That should be more like 80% Brad. Is that why our linemen dont improve to their full potential?
You've talked about the abundance of stunting and twisting, the movement you saw out of Middle Tennessee's front. Talk about handling that as an offensive lineman. How difficult is it for a lineman to constantly get a good lick on a defender or hit him square between the shoulders when you've got that kind of movement on every play?
Scott: "Oh yeah, you're on the edges a lot more. What I was talking about is maybe they're covered by a down lineman at the snap, then that guy moves this way and the backer, who's working with the (defensive) tackle, they're right over the top of you, the tackle blitzes through the opposite A-gap, and then the linebacker who they're not looking at now blitzes through the backside A-gap. It's what we call a Gut-X blitz. All of a sudden you go from being able to identify that, with the tips that they had, then seeing it on the snap and being able to make those adjustments and calls. So you'll never cover those guys up. What you hope to do is get a hat on them. Then our backs are good enough to where you don't have to cover that guy up every time, not when they're gapping, stunting and blitzing like they were. I'll bet you could count on your hand the number of times they weren't blitzing and giving us all kinds of looks in the first half. I think that was part of their game plan. They were quick and were pretty athletic guys.
Napier on how much of the offense we showcased against MT:
Billy Napier: "It's interesting that you ask that. Because it became a game where there was some uncertainty about what they were doing, so we were pretty vanilla. You get into a position where you're up by 20 or so points and you see the way your defense is playing, I think that impacts the way you call and what you will feel comfortable holding back. I think our guys up front did a good job.
"We ran the ball more effectively after we made some adjustments at halftime. There was some frustration, but at the same time there were some positives. We've got some really good skill guys. I think that's pretty evident. I think No. 11 is going to be a good player."
Steele mentioned that some of their success running was missed gap assignments and playing high on tackles, but a few of them were his fault for making some (fire zone) calls.
-Brandon Clear is starting in place of Dye this week....late change.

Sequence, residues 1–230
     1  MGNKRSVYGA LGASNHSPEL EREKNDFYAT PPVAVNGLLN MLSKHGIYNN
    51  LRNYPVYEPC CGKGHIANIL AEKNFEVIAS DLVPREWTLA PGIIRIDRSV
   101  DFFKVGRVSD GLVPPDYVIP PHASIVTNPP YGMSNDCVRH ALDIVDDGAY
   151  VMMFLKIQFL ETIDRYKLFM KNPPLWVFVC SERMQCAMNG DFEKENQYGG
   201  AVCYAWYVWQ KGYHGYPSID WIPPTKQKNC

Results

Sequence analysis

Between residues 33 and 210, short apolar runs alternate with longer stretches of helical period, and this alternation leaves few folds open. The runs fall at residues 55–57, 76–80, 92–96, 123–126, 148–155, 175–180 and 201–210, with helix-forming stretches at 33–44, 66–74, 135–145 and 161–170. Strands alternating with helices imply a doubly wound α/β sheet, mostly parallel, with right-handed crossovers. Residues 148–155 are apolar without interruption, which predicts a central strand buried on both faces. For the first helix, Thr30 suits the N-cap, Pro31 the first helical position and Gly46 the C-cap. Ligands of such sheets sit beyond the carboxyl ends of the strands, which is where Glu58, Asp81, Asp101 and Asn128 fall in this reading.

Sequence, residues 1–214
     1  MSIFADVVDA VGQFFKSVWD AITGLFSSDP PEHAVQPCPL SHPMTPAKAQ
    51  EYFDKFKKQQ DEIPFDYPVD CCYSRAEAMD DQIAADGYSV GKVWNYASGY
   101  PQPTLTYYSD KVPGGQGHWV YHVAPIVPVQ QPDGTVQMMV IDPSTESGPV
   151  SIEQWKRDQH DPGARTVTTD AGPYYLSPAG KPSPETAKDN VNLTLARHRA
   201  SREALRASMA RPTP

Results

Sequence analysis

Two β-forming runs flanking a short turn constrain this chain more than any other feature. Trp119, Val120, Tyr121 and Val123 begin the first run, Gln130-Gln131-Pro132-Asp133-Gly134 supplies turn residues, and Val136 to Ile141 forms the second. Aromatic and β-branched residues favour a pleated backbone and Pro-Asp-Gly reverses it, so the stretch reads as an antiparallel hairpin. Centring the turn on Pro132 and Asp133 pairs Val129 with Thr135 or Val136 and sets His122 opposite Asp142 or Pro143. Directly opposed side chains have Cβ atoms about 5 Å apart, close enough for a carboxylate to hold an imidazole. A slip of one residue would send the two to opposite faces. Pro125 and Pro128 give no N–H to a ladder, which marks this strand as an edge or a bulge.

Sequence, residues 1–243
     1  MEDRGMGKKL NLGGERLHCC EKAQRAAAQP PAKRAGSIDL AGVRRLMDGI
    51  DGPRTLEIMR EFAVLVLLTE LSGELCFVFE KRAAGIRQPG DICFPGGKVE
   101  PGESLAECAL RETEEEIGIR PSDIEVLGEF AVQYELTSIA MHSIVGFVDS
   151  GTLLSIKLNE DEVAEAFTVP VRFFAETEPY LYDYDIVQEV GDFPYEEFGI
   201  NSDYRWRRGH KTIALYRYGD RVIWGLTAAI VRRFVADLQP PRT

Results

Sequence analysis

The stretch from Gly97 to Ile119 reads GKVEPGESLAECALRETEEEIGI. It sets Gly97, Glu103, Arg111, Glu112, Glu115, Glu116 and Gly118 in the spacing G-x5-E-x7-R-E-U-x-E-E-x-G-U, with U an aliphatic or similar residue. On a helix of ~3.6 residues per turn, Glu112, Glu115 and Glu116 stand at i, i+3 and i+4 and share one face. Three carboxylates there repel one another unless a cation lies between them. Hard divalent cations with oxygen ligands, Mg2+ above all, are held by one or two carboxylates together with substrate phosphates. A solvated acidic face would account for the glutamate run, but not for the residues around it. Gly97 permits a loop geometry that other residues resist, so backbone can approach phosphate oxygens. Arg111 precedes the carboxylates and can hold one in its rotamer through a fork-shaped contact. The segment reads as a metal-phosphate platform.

-Jamarcus Grant was moved to LT, based on the play of Norris at LG behind Austin.
-Chavis was moved from DT to NG, which basically means that in any 3-man fronts, he's playing 2nd string. Essentially he's a Tilt-tackle, lining up tilted to the Center and not head-up on a OG.
-Cumbie got some good pressure and is 2nd string DT.
-As expected, K. Alexander will be playing more SAM in run-support this week instead of Scotty Cooper. I expect that to happen again for BC because of their larger OL. TCU's offense is more spread-based.
-Spiller moved into sixth place on the ACC's career all-purpose yardage leader list with 171 yards during today's game. He entered the game as Clemson's career leader in all-purpose yards and now boasts 5,079 yards for his career. Spiller needs 749 yards to tie for the league's all-time lead.
-DeAndre McDaniel doesn't fear the GT offense.
Playing fundamentally sound football, he said, is crucial.
"The biggest thing is being disciplined," he said. "It’s everybody taking their responsibilities. There’s a quarterback, you’ve got to make sure you’re there. There’s a pitchman; you’ve got to make sure you’re there.
"They get a lot of big plays on you when people get out of their responsibilities, fill the wrong gaps, do the wrong things. You’ve got to be disciplined with this offense."
Just stay within the scheme, Maye said.
"One of the biggest things is assignments," he said. "You’ve got to play your position. You can’t be a hero. When you try and be a hero, (Dwyer and Nesbitt) are taking it the distance."
-Butkus candidate Kavell Connor did not play a single snap against MT.
Facing Middle Tennessee’s spread offense, defensive coordinator Kevin Steele went with a scheme that required only one "traditional" linebacker. Conner’s only action was on special teams.
"I didn’t know we were going to play that much dime," Conner said. "I was still preparing to play even though I wasn’t involved in the scheme a lot.
"You learn not to take anything for granted," he said. "It was a humbling experience."
NOTE: We've been asked to write blogs for Raycomsports.com, and given that its a short week we might not get one up this week. We'll plan to post one a week there for now, and then a few days later post it here just to have it here for reference.